SEC Officiating: Crisis or Conspiracy?

Joel Barker@joelabarkerSenior Writer IOctober 26, 2009

GAINESVILLE, FL - OCTOBER 17: SEC referee Marc Curles watches play as the Florida Gators host the Arkansas Razorbacks October 17, 2009 at Ben Hill Griffin Stadium in Gainesville, Florida.  (Photo by Al Messerschmidt/Getty Images)

Say you are SEC Commissioner Mike Slive. Your conference has won each of the past three national championships. You have five teams in the preseason Top 25, four of which are in the top 10. You just signed a $15 billion deal with “The Worldwide Leader in Sports” to carry all of your football and basketball games.  

Most pundits expect your top two teams to be undefeated at season’s end. Heck, it’s in the realm of possibility that the team that loses your conference championship could still wind up in the BCS National Championship Game. After all, you had the first two-loss team to ever win a national title just two years ago.

Your league is on top of the world. The Big XII, Big Ten, ACC and Big East can go play with the ugly kids, because the SEC is the NFL of college football.

But there’s one slight problem. Your officials might be the worst in the history of football.

After experiencing a month of sub-par officiating, the SEC has some real questions to answer.

Who has been the beneficiary of these bad calls for nearly a month? LSU, Florida and Alabama.

Coincidence? Who knows? But the evidence mounting against the SEC and a potential conspiracy is nonetheless intriguing.

The first major screw-job came at the expense of the Georgia Bulldogs. After scoring the go-ahead touchdown with a little more than a minute remaining against the No. 7 LSU Tigers, Georgia wide receiver A.J. Green was flagged for unsportsmanlike conduct after an illegal celebration that never was.

The ‘Dawgs were forced to kick off from their own 15 and the resulting field position for LSU led to their game-winning touchdown moments later—setting up a No. 1 versus No. 4 primetime, nationally televised, much-hyped game between LSU and Florida.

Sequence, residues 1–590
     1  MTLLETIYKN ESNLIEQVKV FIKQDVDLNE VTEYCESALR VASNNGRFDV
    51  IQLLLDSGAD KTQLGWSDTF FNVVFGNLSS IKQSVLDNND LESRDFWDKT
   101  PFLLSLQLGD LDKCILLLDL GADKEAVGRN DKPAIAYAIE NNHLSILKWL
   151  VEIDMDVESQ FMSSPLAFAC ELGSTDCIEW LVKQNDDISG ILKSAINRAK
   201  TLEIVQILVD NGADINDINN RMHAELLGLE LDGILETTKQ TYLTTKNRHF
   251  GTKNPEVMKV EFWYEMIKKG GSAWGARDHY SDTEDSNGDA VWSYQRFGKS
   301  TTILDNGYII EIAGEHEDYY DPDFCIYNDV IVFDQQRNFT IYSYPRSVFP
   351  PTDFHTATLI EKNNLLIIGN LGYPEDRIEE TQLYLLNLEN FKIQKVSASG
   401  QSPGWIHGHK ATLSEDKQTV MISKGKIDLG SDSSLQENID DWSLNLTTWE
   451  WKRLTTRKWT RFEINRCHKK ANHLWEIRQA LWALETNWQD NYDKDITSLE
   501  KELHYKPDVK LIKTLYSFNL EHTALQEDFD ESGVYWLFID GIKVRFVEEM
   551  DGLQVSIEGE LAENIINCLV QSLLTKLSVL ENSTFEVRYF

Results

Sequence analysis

The following Monday the SEC would admit the official made a terrible call. LSU still got the win and the No. 4 ranking, as well as tons of coverage for their over-hyped matchup with the Gators.

The next one involved Arkansas getting jobbed at the Swamp two weekends ago. It just so happened to involve the same officiating crew that screwed Georgia.

Two phantom, drive-continuing penalties in the final three minutes of the game allowed Florida to pull ahead for only the second time that day.

Two days later the same SEC spin doctors released a public notice that there was in fact no reason to throw a flag in those instances since nothing happened to warrant a penalty.

Two days later that officiating crew was suspended from working games until November.

Nice job of covering your tracks, Mr. Slive.

That whole dog-and-pony show was SEC football’s equivalent of Don Corleone setting up one of his murderous goons as the fall guy.

Of course, Florida received another gracious call this week from the replay official who had plenty of time to get a call right, but erred on the side of screwing the Gators' opponent yet again after a Florida defender fumbled at the one-yard line. The play resulted in a Gator touchdown.